PISSED JEANS ENCOURAGE COMPREHENSIVE LISTENING EXPERIENCE ON ‘WHY LOVE NOW’ (ALBUM REVIEW)
Therapeutic may not be the appropriate word, but the innately intense release that comes with listening to Pennsylvania-based sludge rockers, Pissed Jeans, is undeniable. Matt Korvette’s guttural vocals strike a primal chord while distorted guitars saw into monotonous drums on their new album. Absurd yet relatable song themes characterize, Why Love Now via Sub Pop, the quartet’s fifth effort in five years. While anarchy reigns across the album, the brilliant humor and satire found within its core is almost surgical in its deconstruction of 21st century norms, leaving a fresh film of punk DNA and ideology in its wake.
The ugly side of the mundane has always been a favorite theme of Pissed Jeans songs, and that continues on Why Love Now with workplace sexism, webcam sites, and the careerist void. The album begins in shocking fashion with “Waiting On My Horrible Warning” where Korvette’s grunts sound like a Pete Steele and Henry Rollins lovechild in pain. The up-beat grinder “The Bar Is Low” exposes all guys as sexual deviants and creeps, while “Ignorecam” delves into online fetish themes.
The album’s epoch comes with “Love Without Emotion” which allows the band’s 90’s grunge roots to flourish in all their melodic glory while calloused lyrics waxing on themes like, deadened love, bring context. A shocking interlude comes with “I’m A Man”, a spoken word monologue by author Lindsay Hunter that unfurls some of the most clever and visceral prose of curdling masculinity that will have you listening over and over.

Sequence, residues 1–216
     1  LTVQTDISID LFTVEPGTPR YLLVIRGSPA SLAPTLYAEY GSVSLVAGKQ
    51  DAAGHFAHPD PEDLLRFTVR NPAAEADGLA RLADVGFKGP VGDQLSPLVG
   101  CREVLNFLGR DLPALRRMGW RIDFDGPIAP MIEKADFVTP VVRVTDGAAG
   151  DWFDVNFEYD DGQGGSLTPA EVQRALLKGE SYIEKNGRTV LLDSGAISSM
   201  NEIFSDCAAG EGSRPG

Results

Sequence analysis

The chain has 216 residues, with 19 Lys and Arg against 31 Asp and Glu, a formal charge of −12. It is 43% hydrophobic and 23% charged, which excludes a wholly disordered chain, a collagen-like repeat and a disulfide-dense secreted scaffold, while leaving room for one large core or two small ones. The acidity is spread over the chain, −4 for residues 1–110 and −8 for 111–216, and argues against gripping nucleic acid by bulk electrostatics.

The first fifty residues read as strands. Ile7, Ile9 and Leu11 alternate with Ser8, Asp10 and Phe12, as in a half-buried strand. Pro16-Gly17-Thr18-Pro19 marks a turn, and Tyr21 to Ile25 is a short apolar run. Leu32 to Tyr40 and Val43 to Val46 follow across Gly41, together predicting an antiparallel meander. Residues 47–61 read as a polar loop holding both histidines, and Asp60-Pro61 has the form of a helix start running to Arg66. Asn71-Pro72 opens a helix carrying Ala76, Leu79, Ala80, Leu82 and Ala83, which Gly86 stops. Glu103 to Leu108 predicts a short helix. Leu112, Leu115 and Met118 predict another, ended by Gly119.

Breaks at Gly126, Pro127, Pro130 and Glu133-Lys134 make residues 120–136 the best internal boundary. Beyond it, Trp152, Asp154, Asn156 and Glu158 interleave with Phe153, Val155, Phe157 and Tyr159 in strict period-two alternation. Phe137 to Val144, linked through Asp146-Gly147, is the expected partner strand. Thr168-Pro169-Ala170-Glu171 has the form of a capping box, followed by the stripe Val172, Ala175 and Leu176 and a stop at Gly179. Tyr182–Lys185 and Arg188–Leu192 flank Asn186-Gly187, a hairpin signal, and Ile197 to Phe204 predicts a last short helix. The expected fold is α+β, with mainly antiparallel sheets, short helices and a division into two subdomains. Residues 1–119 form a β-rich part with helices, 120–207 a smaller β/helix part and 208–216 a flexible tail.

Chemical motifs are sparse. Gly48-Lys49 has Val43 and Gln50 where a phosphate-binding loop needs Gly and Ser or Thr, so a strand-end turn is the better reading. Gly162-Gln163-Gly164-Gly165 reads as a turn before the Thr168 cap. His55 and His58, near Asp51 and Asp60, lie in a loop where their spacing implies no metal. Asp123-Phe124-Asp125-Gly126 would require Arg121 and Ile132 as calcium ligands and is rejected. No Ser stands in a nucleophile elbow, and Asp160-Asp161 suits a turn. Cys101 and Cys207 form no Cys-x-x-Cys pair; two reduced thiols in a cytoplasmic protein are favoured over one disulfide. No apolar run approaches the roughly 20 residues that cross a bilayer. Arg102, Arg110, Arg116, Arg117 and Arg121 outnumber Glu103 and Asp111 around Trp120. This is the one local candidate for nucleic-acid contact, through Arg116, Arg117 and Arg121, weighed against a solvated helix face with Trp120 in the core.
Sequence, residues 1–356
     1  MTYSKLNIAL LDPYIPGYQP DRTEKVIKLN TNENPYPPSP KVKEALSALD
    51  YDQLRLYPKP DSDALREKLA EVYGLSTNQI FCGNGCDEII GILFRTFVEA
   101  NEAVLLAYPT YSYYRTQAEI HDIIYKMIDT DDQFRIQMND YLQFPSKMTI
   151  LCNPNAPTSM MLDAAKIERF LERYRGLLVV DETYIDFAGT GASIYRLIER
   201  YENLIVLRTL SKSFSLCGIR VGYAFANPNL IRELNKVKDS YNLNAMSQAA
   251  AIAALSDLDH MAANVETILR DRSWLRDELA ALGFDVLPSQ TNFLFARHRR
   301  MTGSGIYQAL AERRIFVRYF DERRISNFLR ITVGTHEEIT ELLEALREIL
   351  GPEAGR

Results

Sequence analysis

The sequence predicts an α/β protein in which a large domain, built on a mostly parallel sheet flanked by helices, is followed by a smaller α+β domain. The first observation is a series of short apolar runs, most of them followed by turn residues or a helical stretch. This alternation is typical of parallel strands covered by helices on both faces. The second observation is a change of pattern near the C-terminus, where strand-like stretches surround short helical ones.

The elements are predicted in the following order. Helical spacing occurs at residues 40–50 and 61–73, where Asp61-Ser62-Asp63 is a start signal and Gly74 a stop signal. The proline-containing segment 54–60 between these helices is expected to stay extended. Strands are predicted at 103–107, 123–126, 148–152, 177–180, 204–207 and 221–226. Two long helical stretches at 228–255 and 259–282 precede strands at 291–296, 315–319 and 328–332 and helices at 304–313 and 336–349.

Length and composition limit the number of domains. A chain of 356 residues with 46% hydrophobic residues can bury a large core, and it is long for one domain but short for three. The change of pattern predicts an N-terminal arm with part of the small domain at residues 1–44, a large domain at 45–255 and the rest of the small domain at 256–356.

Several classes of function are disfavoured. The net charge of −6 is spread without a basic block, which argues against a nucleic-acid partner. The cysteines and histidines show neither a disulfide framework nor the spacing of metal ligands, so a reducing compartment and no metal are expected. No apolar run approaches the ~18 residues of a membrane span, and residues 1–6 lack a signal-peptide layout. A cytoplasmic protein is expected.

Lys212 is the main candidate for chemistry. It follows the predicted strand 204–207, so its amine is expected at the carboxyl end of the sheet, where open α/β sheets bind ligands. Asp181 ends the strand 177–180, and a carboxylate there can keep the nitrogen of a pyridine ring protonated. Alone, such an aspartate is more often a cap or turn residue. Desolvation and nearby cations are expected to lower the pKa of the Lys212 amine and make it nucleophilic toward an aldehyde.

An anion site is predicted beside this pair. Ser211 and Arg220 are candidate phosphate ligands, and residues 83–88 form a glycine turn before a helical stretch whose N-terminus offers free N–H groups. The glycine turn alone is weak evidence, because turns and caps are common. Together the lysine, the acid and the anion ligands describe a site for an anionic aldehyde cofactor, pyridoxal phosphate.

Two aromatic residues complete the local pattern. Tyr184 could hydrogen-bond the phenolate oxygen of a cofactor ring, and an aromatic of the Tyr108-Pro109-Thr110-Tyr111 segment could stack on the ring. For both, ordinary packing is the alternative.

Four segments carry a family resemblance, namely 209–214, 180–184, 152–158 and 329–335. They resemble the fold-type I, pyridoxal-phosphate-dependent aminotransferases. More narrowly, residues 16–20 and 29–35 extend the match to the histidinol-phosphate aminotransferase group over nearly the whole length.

“It’s Your Knees” hammers hard metal riffs while Korvette sings about men’s pedantic judgments of women’s desirability. Korvette is a master of navigating serious social issues with a heaping dose of humor and wit. A song like “Worldwide Marine Asset Financial Analyst” springs straight from the vein of punk rock in its anti-materialist themes and rejection of the status quo.
While Pissed Jeans won’t be finding itself headlining Coachella or gracing Top 40 airwaves anytime soon, they strike a chord with the somewhat jaded listeners who are tired of the hackneyed and played-out rock themes. Pissed Jeans asks its listeners to start asking questions and simultaneously laugh at themselves while enjoying their music. Why Love Now is a comprehensive experience of enjoying music from different perspectives while being titillated by Pissed Jeans’ shock value.